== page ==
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Oral Nifedipine Versus Intravenous Labetalol for Severe Hypertension During Pregnancy: A Systematic Review and Meta-Analysis

Shekhar, S.; Gupta, N.; Kirubakaran, R.; Pareek, P.

doi: 10.1097/01.aoa.0000504741.05282.c1
Mother, Fetus, Neonate
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Commentary

(BJOG. 2016;123(1):40–47)

Hypertensive disorders of pregnancy affect 10% of pregnant women, and are a major cause of maternal and perinatal mortality and morbidity. Oral nifedipine, along with intravenous labetalol and hydralazine, are recommended for the treatment of severe hypertension in parturients by most authorities. Despite the low cost, wide availability and easy administration of nifedipine, usage patterns suggest a strong preference among most physicians for the use of labetalol. This may reflect a lack of trust in oral nifedipine use for pregnant women among health care providers, perhaps due to reports of adverse cardiovascular events or concern about a potential effect on uterine activity. The aim of this study was to determine the efficacy and safety of oral nifedipine for treatment of severe hypertension of pregnancy, compared with that of intravenous labetalol.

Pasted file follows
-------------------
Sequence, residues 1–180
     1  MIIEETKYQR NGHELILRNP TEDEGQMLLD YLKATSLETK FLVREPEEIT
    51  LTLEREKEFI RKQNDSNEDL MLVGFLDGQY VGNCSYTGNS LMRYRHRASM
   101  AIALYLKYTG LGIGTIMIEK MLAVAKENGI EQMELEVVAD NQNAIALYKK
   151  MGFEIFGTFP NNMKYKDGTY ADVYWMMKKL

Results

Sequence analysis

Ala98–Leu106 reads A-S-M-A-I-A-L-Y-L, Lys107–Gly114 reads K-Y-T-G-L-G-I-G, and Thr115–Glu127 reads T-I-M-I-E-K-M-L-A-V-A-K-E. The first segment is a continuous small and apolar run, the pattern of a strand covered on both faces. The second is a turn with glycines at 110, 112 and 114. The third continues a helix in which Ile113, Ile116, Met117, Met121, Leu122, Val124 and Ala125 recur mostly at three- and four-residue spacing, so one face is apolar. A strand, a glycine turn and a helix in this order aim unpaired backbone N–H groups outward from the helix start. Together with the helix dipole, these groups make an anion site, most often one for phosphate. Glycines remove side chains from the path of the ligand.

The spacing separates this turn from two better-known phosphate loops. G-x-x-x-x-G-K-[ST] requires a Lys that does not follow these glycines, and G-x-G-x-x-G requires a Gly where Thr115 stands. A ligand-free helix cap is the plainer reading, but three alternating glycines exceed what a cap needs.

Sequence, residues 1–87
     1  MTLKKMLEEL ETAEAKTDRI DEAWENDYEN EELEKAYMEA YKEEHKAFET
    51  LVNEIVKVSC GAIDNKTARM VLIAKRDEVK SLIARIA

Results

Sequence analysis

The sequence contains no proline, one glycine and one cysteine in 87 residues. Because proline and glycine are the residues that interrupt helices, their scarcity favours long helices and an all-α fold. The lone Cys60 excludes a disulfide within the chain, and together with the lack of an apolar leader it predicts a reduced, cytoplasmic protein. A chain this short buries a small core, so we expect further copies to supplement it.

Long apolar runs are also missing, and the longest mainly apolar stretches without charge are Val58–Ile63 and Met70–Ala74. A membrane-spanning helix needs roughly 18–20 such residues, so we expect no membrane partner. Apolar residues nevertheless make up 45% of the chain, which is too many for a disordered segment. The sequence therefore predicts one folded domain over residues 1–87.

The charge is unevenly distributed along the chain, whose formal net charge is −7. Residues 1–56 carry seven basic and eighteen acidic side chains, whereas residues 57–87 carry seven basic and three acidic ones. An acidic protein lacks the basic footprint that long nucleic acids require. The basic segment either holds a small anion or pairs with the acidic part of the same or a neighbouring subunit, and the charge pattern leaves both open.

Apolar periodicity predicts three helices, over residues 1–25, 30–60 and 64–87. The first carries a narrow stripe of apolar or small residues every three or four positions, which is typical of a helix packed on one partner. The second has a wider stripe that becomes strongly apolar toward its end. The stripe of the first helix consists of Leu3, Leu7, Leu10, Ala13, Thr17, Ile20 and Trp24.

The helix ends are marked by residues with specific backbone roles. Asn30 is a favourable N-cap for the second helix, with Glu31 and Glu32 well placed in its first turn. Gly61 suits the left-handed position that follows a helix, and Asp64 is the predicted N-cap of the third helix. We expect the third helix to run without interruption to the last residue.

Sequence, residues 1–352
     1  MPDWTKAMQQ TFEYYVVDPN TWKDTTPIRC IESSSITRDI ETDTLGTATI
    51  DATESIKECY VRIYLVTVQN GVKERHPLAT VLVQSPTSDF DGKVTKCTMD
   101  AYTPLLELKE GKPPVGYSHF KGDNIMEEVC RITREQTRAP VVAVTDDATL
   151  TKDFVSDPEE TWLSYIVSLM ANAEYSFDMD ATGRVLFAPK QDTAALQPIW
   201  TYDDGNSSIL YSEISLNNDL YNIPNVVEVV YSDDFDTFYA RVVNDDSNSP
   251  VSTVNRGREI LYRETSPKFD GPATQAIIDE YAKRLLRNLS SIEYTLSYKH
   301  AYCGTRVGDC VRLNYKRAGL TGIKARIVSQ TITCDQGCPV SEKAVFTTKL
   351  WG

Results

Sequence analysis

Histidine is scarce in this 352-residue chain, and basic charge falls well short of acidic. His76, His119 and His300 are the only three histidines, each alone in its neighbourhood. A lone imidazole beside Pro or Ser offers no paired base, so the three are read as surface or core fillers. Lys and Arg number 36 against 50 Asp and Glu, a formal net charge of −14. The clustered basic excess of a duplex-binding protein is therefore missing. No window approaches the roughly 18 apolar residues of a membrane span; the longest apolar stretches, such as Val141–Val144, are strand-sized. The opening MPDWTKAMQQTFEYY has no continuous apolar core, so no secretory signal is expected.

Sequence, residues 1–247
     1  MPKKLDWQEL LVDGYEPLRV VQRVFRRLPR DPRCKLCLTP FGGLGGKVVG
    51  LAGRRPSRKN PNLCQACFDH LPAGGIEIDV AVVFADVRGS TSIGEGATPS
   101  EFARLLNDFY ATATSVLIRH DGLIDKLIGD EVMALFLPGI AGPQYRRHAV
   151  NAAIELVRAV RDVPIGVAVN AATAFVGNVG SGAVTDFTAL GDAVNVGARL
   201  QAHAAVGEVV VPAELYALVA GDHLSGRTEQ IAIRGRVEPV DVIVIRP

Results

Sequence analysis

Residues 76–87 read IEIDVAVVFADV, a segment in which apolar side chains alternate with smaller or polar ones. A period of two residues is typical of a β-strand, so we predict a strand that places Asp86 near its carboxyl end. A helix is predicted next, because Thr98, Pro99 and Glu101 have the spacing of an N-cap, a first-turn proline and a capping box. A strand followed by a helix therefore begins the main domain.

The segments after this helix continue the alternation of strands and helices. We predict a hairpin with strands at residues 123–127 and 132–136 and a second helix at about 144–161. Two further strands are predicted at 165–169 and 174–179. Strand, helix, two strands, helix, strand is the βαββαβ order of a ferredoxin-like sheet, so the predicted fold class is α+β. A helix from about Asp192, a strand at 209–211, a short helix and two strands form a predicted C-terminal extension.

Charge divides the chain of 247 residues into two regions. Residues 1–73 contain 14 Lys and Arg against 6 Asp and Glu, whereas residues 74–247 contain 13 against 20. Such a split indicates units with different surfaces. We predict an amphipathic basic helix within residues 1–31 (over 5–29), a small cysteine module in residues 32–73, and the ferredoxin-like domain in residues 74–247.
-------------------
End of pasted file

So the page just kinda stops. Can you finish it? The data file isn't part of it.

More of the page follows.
Department of Obstetrics & Gynecology, All India Institute of Medical Sciences, Jodhpur, Rajasthan, India

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